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Social Media for Research

A guide explaining the different social media tools that can help at all stages in the academic research process.

Emerging Reputation Mechanisms for Scholars 2015

This report surveys use of the following scholarly networks:

  • Academici
  • BibSonomy
  • BiomedExperts
  • CourseTalk
  • Dryad
  • Edmodo
  • Epernicus
  • Foldit
  • GitHub
  • Kudos
  • Impactstory
  •  labfolder
  • LabRoots
  • LinkedIn
  • Mendeley
  • myExperiment
  • MyNetResearch
  • MyScienceWork
  • Peer Evaluation
  • Profology
  • ResearchGate
  • Scitable Socientize Stack Overflow

The second part of this report is a state-of-the-art appraisal of the novel social networking services used by scholars, to build, maintain and showcase their reputation


Nicholas, David, Eti Herman, and Hamid R. Jamali. Emerging Reputation Mechanisms for Scholars: A Literature-Based Theoretical Framework of Scholarly Activities and a State-of-the-Art Appraisal of the Social Networking Services Used by Scholars, to Build, Maintain and Showcase Their Reputations. Luxembourg: Publications Office, 2015. Internet resource.

Social media for researchers 2011

Social Media: A Guide for Researchers

"Which social networking service is the best for you is likely to depend on personal preference, your research topic, your location and probably most of all on your discipline. It is worth experimenting with more than one to see which one offers you the most value."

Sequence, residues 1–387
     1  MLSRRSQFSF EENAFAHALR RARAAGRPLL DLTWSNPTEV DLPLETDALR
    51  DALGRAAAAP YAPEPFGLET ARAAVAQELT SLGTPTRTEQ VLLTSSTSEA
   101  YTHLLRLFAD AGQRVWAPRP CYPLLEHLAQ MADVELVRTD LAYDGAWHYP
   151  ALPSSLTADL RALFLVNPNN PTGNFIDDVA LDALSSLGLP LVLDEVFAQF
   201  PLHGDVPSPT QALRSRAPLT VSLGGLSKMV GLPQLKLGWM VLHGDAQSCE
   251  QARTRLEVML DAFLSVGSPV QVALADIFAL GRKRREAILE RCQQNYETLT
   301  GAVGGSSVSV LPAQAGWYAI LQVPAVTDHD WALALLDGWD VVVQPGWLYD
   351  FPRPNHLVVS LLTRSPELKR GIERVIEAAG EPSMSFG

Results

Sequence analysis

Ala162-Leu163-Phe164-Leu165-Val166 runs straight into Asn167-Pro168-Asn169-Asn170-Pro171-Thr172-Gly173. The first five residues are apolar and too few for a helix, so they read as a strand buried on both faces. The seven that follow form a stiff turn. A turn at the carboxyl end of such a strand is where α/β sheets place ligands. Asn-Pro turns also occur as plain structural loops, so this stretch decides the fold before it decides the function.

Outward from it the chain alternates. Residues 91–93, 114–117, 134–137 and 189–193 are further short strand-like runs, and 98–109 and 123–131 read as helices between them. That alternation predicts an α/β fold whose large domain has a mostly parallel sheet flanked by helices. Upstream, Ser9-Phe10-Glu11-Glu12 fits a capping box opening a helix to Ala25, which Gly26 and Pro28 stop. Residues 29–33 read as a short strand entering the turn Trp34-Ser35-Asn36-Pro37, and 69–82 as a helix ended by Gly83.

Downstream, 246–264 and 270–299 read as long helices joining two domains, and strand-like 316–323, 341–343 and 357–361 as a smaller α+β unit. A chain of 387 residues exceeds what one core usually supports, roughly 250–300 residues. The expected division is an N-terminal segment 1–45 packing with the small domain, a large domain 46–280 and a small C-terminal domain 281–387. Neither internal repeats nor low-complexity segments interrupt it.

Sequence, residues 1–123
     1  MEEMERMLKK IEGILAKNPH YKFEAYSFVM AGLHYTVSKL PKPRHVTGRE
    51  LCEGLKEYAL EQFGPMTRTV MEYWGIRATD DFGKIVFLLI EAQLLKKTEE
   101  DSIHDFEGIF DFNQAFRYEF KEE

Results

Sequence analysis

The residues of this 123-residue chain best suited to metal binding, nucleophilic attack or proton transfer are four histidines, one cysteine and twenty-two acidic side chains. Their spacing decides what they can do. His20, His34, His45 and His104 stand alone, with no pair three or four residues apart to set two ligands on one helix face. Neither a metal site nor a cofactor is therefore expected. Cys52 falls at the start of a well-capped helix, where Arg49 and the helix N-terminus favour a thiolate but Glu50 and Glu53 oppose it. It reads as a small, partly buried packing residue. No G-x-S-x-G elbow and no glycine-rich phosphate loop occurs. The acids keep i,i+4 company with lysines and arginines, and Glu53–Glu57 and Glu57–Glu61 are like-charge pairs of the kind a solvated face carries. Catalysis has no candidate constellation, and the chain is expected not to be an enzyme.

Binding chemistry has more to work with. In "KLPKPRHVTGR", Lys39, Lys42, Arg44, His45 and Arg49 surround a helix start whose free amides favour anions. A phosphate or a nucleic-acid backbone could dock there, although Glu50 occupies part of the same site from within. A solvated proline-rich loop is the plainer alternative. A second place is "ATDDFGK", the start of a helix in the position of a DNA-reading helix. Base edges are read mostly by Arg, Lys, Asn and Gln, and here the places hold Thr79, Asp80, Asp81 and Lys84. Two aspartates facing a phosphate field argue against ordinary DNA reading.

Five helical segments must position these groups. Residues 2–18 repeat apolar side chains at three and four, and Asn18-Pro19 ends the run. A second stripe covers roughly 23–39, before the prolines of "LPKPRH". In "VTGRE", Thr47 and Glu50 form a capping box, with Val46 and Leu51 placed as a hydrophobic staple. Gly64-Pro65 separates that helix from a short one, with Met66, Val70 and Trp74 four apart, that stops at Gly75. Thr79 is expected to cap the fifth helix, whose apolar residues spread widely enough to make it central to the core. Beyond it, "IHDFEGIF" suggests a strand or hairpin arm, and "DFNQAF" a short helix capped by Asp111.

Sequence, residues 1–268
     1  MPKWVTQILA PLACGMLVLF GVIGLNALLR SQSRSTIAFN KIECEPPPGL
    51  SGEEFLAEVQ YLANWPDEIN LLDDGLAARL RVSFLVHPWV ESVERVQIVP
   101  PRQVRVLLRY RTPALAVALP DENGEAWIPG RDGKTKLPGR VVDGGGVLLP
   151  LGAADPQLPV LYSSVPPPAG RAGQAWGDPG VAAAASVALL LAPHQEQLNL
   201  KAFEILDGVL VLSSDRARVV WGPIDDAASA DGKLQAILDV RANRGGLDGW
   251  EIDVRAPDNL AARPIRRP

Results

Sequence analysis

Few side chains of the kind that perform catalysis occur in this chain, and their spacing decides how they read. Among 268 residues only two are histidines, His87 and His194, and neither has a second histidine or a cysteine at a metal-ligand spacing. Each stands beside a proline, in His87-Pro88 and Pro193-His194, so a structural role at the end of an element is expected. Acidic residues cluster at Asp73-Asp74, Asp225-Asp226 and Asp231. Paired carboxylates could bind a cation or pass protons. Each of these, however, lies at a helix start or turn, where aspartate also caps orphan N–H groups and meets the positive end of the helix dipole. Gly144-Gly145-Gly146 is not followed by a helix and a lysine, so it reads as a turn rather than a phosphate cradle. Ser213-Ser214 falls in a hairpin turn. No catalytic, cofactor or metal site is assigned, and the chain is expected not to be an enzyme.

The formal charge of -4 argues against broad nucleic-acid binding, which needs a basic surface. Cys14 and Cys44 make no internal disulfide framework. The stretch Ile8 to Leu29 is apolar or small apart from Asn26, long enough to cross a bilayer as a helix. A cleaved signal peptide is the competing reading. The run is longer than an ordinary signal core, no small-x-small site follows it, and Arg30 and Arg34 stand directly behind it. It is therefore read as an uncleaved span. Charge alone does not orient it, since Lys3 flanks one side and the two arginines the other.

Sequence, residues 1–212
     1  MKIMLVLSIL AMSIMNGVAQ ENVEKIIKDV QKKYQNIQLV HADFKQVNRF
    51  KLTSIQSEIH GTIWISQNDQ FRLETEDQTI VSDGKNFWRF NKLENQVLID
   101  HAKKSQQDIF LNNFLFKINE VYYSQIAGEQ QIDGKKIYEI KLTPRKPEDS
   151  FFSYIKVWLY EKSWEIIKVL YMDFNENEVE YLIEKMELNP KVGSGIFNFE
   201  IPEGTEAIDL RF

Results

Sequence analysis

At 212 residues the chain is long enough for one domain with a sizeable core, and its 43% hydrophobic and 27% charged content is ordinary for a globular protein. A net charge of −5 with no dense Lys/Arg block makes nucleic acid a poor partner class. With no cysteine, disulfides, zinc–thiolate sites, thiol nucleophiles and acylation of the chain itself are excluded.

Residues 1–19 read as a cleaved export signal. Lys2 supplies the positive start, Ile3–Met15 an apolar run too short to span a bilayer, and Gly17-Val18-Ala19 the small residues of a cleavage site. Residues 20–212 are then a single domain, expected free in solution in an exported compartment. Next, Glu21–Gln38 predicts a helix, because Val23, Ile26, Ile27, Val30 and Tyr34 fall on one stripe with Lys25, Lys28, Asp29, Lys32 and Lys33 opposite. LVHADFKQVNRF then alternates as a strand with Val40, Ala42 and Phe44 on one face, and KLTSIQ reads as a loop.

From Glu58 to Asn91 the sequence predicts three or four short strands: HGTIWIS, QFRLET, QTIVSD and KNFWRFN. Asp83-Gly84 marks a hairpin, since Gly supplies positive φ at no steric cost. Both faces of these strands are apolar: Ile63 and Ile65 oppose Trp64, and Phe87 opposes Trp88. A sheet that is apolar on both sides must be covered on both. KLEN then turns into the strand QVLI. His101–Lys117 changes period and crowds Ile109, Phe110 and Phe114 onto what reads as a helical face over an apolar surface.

Cann, Alan, Konstantia Dimitriou, and Tristram Hooley. Social Media: A Guide for Researchers. London: Research Information Network, 2011. Internet resource.


The guide includes an overview of these Social networking services: -

Facebook -

Friendfeed - (Now owned by Facebook)

Graduate Junction -

LinkedIn -

MethodSpace -

MySpace -

Nature Network -

ResearchGate -

Mendeley -


Links to all services mentioned in this guide are available at the link below:

Scientists and the social network - a Nature survey 2014

"Giant academic social networks have taken off to a degree that no one expected even a few years ago. A Nature survey explores why":!/menu/main/topColumns/topLeftColumn/pdf/512126a.pdf

How can I share it?


The website provides links to some examples of Scholarly Collaboration Networks who have signed up to the voluntary principles for article sharing  including Center for Open Science, Figshare, SSRN and others.

400+ Tools and innovations in scholarly communication

Crowdsourced database of 400+ tools (ongoing)


web-based tools a researcher can use
Bianca Kramer & Jeroen Bosman (and you?)
@MsPhelps & @JeroenBosman, both at Utrecht University Library


The second worksheet tab of this file contains data on over 600 tools and innovations in scholarly communication, inlcuding  SocArXiv (launched by ArXiv following Elsevier's purchase of SSRN,  MLA Commons,  Humanities Commons.



Why researchers use social media

Published on Apr 2, 2015

Gone are the days when visiting social media websites was purely for leisure. Today, social media platforms such as Twitter and LinkedIn offer a host of features that help researchers build connections, share their work, engage a wide audience, seek collaborators, and do much more. Watch this video to know more about the importance of social media in research.